The key steps required to get this life-saving treatment to the patient:
O- red blood cells are prepared by the local pathology lab to each EAAA operating base, involving a lot of important checks and paperwork to ensure quality and traceability.
Once ready to go, the red blood cells are placed into temperature-controlled and insulated ‘blood boxes’ and picked up every night from the hospital by a blood bike volunteer.
The blood bike volunteer then delivers the packages straight into a secure fridge at the EAAA base, to keep the blood at the right temperature.
The blood boxes are then carefully loaded onto the helicopter and rapid response vehicles by the EAAA clinical crews the next morning, ready to be used on an emergency call-out.
The blood boxes can exist out of the fridge on the helicopter or RRV for 24 hours before they need to be replaced or returned to the lab on the next blood biker delivery.
Any blood that is not used within a 24-hour period then follows the same journey in reverse back to the lab, where it is checked and processed so that it can be used by a patient in the hospital instead.
Richard Hindson continued: “To get to where we are now is the result of years of hard work and none of it would be possible without the public who have supported this project and the lab teams and blood bikers who work so hard to get us the red blood cells that we need, every day of the year.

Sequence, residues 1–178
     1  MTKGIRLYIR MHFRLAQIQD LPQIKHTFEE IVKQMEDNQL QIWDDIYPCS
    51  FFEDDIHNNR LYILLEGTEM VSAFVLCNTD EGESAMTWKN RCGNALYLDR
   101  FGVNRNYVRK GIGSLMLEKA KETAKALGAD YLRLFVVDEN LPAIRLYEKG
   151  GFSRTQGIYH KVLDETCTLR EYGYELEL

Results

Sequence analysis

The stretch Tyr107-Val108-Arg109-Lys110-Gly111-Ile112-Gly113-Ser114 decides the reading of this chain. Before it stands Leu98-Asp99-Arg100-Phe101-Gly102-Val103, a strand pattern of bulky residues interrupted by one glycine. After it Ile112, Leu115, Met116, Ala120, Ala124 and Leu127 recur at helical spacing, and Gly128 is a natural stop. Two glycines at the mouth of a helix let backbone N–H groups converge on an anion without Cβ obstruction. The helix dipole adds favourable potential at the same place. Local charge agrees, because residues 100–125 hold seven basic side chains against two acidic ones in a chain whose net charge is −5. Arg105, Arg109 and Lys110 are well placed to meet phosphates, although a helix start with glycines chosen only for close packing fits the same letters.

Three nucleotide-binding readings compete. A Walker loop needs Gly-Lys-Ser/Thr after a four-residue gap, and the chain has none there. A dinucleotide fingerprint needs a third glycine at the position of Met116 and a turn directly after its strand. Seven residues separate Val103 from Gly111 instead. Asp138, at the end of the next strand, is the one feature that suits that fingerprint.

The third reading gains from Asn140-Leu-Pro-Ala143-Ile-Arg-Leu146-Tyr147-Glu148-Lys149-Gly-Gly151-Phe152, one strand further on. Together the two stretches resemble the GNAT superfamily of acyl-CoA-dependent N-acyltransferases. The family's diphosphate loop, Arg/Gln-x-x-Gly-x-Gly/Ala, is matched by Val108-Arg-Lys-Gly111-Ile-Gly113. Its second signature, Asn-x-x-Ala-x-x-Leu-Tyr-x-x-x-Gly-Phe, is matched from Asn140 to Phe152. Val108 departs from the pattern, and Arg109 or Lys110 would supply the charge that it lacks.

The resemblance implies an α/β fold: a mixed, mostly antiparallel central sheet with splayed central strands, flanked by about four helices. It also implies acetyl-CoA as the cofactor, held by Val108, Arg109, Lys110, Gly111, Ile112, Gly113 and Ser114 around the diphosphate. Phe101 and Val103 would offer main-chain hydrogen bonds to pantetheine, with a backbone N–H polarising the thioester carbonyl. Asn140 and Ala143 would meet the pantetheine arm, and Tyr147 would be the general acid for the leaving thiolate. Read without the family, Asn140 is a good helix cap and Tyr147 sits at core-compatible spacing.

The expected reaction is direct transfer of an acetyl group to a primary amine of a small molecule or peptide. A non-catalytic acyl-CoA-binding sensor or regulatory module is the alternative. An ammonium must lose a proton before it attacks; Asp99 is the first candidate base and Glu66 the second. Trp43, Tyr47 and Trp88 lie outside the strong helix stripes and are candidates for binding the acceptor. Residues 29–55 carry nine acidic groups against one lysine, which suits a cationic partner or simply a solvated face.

“We developed some experience in setting up the red blood cell supply chain to our bases and delivering these treatments over the past few years, as part of a clinical trial which ended in December. Over the last seven months we have been busy putting everything in place, including raising the vital funds required, to make these treatments a permanent part of our service. I couldn’t be happier that this month we’ve achieved a really big goal for our patients and the level of care we aim to provide pre-hospital.”
The red blood cells are now available on every East Anglian Air Ambulance helicopter or rapid response vehicle mission alongside freeze-dried plasma, to help treat people suffering life-threatening bleeds.